Music NFT can take many forms, including but not limited to concert (virtual and physical) ticket sales, sample packs, unreleased song previews, artwork and more. As music NFT continues to grow, the potential uses of the technology will rapidly expand far beyond how NFT is used today.
Why buy NFT versions of music?
The When You See Yourself album has been released on streaming platforms such as Spotify, Apple Music, and has been released on QQ Music, and YellowHeart (a blockchain-based streaming platform) offers an NFT version of the album.
Many people will ask why they need to buy the NFT version when they can find the audio source on traditional platforms.
The novelty effect
For some, there is no doubt that NFT is novel and cool, with the $50 package offering electronic album download access in addition to a limited-edition physical version of the Goldeneye vinyl and a one-of-a-kind NFT album collectible. NFT’s underlying blockchain technology allows for the transfer of golden tickets directly to fans’ digital wallets, and the NFT Yourself series also features an auction of six “golden tickets” that will give fans lifetime access to the first four rows of their concerts. .
NFT albums are still a relatively new concept in the music industry, and for those unfamiliar with the NFT industry, it’s a lot like explaining the Internet to people who never saw it in the 90s. By purchasing NFT releases from their favorite musicians, they could in a way understand this emerging concept in the most direct way possible.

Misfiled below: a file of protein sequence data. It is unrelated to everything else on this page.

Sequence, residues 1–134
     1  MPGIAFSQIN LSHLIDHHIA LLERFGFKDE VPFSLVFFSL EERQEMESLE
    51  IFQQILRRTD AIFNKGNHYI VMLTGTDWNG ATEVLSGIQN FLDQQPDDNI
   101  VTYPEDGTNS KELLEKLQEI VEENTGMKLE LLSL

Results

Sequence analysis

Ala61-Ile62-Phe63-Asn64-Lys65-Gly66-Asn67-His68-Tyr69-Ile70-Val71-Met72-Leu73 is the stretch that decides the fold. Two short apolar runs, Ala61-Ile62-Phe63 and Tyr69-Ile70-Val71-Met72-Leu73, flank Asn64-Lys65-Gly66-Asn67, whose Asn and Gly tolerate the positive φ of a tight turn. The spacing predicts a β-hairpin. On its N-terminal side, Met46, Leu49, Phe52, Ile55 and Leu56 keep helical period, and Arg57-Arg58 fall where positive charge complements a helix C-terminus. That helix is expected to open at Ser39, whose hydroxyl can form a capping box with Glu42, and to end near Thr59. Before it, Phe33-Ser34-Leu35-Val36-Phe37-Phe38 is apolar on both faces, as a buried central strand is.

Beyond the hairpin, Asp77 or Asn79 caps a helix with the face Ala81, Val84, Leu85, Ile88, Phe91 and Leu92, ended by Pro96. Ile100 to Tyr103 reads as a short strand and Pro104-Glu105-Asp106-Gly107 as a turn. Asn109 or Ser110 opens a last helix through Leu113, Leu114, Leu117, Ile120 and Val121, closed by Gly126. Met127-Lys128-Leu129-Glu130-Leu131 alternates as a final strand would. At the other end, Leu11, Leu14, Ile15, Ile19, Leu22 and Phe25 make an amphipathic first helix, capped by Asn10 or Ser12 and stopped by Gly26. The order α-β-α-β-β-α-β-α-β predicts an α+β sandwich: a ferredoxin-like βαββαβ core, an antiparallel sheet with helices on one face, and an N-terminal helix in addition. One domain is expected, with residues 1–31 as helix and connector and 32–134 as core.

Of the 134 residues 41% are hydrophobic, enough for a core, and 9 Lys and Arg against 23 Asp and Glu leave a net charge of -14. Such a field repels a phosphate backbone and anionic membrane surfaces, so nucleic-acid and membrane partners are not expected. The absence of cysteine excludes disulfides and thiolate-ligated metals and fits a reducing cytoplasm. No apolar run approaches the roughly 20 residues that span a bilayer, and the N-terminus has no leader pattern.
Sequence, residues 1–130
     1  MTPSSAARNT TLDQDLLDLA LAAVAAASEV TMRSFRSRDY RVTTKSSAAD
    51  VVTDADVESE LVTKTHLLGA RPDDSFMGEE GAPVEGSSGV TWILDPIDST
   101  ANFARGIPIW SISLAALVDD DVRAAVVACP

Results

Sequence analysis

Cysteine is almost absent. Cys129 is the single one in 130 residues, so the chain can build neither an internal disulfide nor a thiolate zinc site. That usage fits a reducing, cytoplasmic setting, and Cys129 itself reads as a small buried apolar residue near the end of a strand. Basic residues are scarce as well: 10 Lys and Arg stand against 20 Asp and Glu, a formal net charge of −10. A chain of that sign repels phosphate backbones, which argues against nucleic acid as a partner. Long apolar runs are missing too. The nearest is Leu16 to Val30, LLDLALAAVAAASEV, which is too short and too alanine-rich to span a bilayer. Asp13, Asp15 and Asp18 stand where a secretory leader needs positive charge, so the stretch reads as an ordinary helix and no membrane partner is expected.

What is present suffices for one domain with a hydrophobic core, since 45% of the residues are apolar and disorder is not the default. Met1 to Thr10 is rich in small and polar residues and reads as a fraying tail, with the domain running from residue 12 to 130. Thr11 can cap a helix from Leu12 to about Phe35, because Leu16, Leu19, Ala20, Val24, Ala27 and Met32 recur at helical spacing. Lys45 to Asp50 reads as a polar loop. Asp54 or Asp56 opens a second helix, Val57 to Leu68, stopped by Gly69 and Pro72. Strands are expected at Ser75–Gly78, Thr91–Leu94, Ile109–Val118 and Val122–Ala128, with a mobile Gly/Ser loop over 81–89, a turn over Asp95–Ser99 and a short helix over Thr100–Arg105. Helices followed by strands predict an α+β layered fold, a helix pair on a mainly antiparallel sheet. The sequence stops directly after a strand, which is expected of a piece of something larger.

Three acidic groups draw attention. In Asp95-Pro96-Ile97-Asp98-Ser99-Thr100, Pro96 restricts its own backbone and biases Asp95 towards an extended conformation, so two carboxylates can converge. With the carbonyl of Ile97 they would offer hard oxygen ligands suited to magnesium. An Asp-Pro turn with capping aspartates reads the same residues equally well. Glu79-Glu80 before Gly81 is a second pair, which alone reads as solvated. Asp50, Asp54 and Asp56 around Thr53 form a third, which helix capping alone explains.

Limited and Rare
NFTs, “non-homogenized tokens”, are often limited or unique, which is the key to the fan economy – they come from idols and are limited and precious. Most musicians will release songs or albums in a limited format, creating unique, saleable digital goods, artwork, and a unique musical experience for fans.
While NFT is a digital commodity, the underlying logic of buying NFT is actually similar to buying physical goods. For example, even though an album can be played online for free or for a small fee, many fans will still want to buy limited edition vinyl.
The popularity of NFT has something in common with brands that are driven by marketing. supreme t-shirts are nothing special, but still very special because they are only available to a select few. supreme’s limited release, collector’s limited vinyl, and the scarcity of NFT make them a status symbol and a souvenir.
It’s not unheard of to pay outrageous prices for rare and exclusive music. Former pharmaceutical company CEO Martin Shkreli spent $2 million for the Wu-Tang Clan’s only album, Once Upon A Time In Shaolin. An obscure single by British DJ Scaramanga Silk recently became the most expensive vinyl record on Discogs, selling for over $40,000.
Some musicians are using NFT to give their supporters an experience like no other, including front row tickets, personal memorabilia and more – all in all, a rich and unique experiment. So the next time you buy an NFT from a musician, remember that you’re buying something unique.
Some people may purchase NFT assets for investment purposes, hoping that their NFT holdings will preserve or appreciate in value in the future and that they can profit from resale. the volatility and uncertainty of NFT makes NFT holdings somewhat riskier than some traditional investments, but for many investors, they are willing to take that risk.
As mentioned above, NFT can be viewed simply as a “digital asset + authentication certificate” hybrid, and holds great promise for any use case that connects real-world NFT. Because NFTs can be authenticated and are extremely secure, musicians can better retain fans, create new ways to interact, and not only gain more royalty revenue, but also reduce the traditional inherent costs. Simply put, NFT+Music is really about connecting music – songs, albums, etc. – to NFT.